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Here's How Newsom's Proposing to Spend $4.1 Billion on the Climate and Environment

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California Gov. Gavin Newsom speaks during a a news conference about the state's efforts on the homelessness crisis on Jan. 16, 2020, in Oakland, Calif. Newsom was joined by Oakland Mayor Libby Schaaf to announce that Oakland will receive 15 unused FEMA trailers for the city to use as temporary housing and as mobile health and social services clinics for the homeless. Newsom signed on executive order on Jan. 8 to deploy 100 trailers and crisis response teams to areas in need across the state. (Photo by Justin Sullivan/Getty Images)

The $227 billion budget proposed on Friday by Gov. Gavin Newsom includes $4.1 billion in spending on a suite of environmental initiatives meant to fight climate change, gird California against devastating wildfires, reduce smog, and bolster the adoption of clean vehicles on the state’s roads.

Given the pandemic-induced recession, the fact that California has so much to spend on the environment is remarkable, but the state is looking at a $15 billion surplus thanks to a progressive tax structure that helped capture huge capital gains generated by a soaring stock market.

Only eight months ago, in May, Newsom was forced to at least temporarily abandon his biggest climate priorities in order help fill a $54.3 billion deficit.

But now the coffers are full enough for the governor to propose his biggest-ticket environmental expenditure, nearly $1.5 billion for the construction of charging stations and electric vehicle incentives in anticipation of a massive amount of new electric cars, trucks and other vehicles roaming state roads.

Newsom said he thinks the money could ensure California’s dominance as an EV marketplace. The proposed funding comes after his executive order last year to end the sale of new gasoline-powered cars in the state by the year 2035, a move Newsom says will slash planet-warming emissions by 35%.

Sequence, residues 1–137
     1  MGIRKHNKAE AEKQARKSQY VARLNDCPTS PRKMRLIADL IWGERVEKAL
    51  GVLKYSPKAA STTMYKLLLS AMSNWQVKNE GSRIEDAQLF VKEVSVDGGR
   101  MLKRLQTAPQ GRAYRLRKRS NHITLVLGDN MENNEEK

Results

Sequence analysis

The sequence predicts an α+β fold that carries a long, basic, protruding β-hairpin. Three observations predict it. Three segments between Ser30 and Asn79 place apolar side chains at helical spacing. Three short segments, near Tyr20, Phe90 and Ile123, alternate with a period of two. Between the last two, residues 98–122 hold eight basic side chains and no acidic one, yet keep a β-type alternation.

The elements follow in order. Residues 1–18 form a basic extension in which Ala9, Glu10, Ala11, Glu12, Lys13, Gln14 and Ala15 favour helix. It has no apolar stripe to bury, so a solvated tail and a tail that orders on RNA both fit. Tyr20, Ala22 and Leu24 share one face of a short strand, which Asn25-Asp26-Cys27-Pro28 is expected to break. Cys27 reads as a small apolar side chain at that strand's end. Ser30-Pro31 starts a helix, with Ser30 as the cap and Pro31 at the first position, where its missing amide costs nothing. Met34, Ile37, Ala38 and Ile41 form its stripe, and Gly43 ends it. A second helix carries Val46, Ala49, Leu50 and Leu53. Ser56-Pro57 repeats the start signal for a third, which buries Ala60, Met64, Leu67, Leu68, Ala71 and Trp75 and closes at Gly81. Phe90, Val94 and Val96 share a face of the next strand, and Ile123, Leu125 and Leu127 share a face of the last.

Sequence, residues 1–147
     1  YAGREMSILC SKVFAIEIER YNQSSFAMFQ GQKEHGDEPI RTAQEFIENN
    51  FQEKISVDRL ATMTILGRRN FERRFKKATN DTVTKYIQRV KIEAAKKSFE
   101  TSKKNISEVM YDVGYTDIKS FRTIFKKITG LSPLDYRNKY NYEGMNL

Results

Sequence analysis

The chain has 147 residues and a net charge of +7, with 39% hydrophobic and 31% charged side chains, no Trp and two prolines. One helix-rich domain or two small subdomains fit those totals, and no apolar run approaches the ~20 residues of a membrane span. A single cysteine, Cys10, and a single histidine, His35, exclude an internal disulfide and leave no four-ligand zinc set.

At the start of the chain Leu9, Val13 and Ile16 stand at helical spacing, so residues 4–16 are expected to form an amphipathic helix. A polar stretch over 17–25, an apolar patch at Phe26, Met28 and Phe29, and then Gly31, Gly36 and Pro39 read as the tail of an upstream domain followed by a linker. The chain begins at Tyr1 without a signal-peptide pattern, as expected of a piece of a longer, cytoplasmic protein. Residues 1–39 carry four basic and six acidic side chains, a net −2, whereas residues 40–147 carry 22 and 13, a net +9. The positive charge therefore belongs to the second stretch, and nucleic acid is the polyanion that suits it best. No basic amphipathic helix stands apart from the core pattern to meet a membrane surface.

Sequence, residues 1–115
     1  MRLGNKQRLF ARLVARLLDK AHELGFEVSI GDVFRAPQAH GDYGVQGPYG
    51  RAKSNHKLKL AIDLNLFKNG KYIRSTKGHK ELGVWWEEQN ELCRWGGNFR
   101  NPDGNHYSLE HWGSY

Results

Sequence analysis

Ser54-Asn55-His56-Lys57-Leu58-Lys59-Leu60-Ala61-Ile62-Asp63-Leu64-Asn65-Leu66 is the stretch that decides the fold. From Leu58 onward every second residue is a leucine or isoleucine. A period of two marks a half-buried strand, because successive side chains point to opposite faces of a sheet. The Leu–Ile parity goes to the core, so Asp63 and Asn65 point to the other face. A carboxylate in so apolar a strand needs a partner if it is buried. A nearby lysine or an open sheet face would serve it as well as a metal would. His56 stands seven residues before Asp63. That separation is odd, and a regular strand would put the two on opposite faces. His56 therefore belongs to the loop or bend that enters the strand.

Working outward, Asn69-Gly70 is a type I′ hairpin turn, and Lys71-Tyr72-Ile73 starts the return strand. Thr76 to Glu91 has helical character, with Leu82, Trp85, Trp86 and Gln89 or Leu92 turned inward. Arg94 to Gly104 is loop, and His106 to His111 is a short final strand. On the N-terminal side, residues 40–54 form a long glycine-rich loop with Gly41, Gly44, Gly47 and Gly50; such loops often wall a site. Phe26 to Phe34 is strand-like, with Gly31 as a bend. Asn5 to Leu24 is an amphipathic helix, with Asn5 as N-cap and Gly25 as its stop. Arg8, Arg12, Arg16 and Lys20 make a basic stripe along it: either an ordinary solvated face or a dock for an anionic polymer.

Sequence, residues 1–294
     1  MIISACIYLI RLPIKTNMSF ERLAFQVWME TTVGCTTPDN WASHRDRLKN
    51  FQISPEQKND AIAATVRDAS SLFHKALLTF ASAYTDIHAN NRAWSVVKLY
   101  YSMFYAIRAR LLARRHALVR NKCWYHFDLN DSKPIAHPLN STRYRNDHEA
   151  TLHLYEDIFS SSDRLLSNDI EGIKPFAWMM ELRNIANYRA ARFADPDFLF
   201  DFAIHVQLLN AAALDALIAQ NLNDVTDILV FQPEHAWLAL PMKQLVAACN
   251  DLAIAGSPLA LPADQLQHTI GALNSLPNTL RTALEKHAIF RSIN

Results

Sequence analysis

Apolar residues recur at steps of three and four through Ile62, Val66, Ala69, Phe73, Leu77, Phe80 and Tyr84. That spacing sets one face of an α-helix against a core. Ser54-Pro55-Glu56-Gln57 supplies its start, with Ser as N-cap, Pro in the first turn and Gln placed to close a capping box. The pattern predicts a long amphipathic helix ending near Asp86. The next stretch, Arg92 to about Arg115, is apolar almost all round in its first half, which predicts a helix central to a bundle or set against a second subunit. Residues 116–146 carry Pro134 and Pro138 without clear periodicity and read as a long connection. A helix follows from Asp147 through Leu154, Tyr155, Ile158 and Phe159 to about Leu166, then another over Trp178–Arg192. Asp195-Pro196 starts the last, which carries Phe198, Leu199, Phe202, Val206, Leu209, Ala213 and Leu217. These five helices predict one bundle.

“We want to accelerate our efforts on alternative fuel vehicles,” Newsom said Friday. “Remember, this is a climate move, not just an economic move, because at the end of the day, it’s about health. It’s about asthma. It’s about dirty air.”


The administration says the new spending will create jobs and reduce smog in heavily impacted areas of the state. Newsom wants to leverage private-sector investment to boost these efforts.

“This is where the world is going,” he said. “You want to be big. You’ve got to be big in big things. Nothing bigger than low-carbon, green growth; nothing more impactful.”

Brian Nowicki, California climate policy director at the Center for Biological Diversity, applauded the investment in emissions-free vehicles, but he said the state “needs to make sure those investments are optimally applied to boost both economic and environmental equality in California’s most polluted and underserved communities.”

Newsom is also proposing $384 million to support agricultural programs that sequester carbon and fight climate change, and he wants to spend $300 million from the state’s general fund to pay for toxic waste cleanup in areas facing high public health risks.

Kate Gordon, Newsom’s senior climate policy adviser, said during a press call that the budget “highlights our commitment for a carbon neutral, climate resilient and equitable future.”

Addressing Wildfires

After a devastating wildfire year in which more than 9,000 blazes consumed more than 5 million acres of the state, the governor proposed a billion dollars in new spending on wildfire prevention.

On the press call, Wade Crowfoot, California’s natural resources secretary, says the state is focusing resources on fostering ecological resilience to big fires, by reintroducing managed burns and thinning out forests.

“We see the growth of our catastrophic wildfires and climate change and realize that we cannot respond our way out of this crisis,” he said. “We have to do a lot more upfront to build our resilience … and find a way to use ecological fire on the land, and take a lot of actions to protect both our communities and our natural places.”

As part of that plan, Newsom wants to spend $512 million on forest management, which would pay for prescribed fire, fire breaks, home hardening and direct investment in tribes to sustainably manage their land. Fuel breaks, strips of land that are altered as a preventative measure to help slow the spread of a fire, were credited with saving lives and homes during this past wildfire season.

The governor also wants to hire at least 30 more fire crews, with 15 members per crew, and purchase new air tankers, helicopters and equipment. 

State Sen. Bill Dodd, who represents several fire-prone counties, including Sonoma and Napa, said the new budget reflects the importance of investing in prevention.

“The reality is we’re not able to fight these climate-driven fires anywhere near what our expectations were,” he said. “Our experience shows us that we have to do more on prevention. And I believe that this budget does that.”

Environmental groups such as the Save the Redwoods League applauded the proposed focus on prevention and proactive forest management, saying California’s coastal redwood and giant sequoia forests would benefit.

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